iPhone 4S users should avoid iOS 6.1, says Vodafone
The iOS 6.1 update is causing problems for the iPhone 4S, with network provider Vodafone recommending its customers to avoid upgrading
The recently-released iOS 6.1 update brings bug-fixes and other enhancements to Apple's iOS platform, which powers the iPhone, iPad, iPad Mini, iPod Touch and Apple TV. However, a flaw with the update when installed on an iPhone 4S has left users with batteries that drain significantly faster and network connectivity issues.
The problem is serious enough for Vodafone's UK arm to warn its customers to "hold off for the next version [of iOS] while Apple fixes 3G performance issues". It's these issues that are thought to be responsible for both the rapidly draining battery and a significant increase in dropped calls and lost data connections.
The flaw is thought to only affect the iPhone 4S handset, with the older iPhone 4 and newer iPhone 5 for some reason dodging the bullet. Non-iPhone devices, including 3G versions of the iPad 4 and iPad Mini, are similarly immune to the issue.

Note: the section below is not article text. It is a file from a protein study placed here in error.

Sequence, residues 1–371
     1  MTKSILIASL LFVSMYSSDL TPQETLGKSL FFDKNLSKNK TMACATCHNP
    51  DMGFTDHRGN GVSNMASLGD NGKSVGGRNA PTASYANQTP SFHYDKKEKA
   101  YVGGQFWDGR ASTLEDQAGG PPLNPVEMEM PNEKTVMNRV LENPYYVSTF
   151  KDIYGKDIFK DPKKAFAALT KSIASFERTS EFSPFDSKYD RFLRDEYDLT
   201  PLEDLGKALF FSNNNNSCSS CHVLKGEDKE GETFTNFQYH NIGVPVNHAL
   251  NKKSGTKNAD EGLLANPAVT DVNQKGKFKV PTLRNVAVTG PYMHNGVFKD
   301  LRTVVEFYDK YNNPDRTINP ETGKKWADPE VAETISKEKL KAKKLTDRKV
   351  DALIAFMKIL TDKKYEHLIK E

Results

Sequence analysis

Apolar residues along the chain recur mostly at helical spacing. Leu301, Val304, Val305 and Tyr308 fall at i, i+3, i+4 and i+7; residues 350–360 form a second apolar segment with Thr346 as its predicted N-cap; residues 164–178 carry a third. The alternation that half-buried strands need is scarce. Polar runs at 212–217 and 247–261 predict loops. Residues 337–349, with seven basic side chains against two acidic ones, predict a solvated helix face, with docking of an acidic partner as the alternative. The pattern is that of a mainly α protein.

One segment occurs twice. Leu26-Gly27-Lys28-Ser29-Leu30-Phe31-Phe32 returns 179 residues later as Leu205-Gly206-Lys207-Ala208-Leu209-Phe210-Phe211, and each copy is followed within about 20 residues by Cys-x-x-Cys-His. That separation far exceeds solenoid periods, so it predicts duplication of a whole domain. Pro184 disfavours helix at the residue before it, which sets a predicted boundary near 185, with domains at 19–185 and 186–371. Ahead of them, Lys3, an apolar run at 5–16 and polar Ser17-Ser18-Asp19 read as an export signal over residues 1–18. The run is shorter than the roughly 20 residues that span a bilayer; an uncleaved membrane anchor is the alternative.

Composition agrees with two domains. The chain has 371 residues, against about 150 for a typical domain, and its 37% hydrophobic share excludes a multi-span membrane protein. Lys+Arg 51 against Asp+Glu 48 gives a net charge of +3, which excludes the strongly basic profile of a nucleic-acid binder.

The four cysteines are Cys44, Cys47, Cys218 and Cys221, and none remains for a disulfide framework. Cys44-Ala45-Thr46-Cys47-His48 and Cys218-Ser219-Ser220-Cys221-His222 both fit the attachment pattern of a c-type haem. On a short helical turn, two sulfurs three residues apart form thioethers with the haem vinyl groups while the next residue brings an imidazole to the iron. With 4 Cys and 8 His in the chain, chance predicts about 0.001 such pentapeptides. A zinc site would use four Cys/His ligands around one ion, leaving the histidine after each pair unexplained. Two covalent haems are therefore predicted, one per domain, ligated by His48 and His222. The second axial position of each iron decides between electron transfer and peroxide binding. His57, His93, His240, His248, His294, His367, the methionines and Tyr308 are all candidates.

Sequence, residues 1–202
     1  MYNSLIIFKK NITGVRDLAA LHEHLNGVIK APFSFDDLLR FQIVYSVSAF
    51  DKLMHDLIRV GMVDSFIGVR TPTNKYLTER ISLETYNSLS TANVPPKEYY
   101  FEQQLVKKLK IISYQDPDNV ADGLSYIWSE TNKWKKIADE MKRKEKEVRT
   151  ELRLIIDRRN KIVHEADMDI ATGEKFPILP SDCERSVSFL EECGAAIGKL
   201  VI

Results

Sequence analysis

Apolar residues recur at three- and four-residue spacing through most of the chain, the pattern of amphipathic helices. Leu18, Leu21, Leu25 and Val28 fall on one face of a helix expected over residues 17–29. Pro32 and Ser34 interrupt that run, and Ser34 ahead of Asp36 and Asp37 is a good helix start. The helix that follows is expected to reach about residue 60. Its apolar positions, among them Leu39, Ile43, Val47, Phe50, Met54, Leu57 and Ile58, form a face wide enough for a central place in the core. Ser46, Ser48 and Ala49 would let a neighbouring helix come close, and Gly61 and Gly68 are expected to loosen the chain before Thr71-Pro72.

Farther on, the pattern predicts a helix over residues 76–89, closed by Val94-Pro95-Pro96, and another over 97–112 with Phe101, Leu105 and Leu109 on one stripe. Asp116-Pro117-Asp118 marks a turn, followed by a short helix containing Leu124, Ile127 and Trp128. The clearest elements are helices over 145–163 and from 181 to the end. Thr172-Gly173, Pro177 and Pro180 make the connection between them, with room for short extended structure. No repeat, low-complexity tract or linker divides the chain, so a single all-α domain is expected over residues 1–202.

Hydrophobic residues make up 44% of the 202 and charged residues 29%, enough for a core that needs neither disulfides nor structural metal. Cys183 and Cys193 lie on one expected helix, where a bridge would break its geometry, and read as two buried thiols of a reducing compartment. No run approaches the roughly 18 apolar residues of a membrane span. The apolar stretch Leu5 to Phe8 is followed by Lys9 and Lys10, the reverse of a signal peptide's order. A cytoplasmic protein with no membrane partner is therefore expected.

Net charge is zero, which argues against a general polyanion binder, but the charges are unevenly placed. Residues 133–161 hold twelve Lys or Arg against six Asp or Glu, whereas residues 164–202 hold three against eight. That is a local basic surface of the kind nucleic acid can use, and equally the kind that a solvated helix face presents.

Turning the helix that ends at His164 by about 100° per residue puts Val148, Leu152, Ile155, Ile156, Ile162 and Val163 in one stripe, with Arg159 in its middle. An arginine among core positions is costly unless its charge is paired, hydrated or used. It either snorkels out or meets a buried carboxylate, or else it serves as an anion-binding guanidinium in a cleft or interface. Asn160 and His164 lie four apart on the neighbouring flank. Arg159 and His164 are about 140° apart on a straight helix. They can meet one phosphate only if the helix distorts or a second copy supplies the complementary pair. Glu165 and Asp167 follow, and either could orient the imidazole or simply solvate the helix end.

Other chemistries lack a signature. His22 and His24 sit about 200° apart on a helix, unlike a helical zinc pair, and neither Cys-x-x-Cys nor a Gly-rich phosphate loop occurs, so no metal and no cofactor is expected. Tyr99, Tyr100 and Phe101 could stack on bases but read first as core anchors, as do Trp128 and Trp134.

Apple has not yet commented on the problem, but early hopes that the issue may be resolved in the upcoming iOS 6.1.1 update seem overly optimistic: Apple had already begun the process of seeding iOS 6.1.1 to developers for beta testing before the iPhone 4S problem appeared, suggesting it may be too late for a fix to be developed in time for inclusion in the update.
For now, iPhone 4S owners are advised to ignore their handsets' requests to install the update, while those that have already installed the upgrade to iOS 6.1 should consider rolling their handset back to an earlier release or switching their iPhone to a 2G connection until a fix is released by Apple.
The new flaw in iOS 6.1 joins a more widespread issue on all devices, affecting business users: when connecting to a Microsoft Exchange account, iOS sends excess traffic to the server. As a result, business users are also being advised to hold off on installing iOS 6.1, meaning Apple has a significant amount of work ahead of it if it wants to maintain the trust of the lucrative corporate market.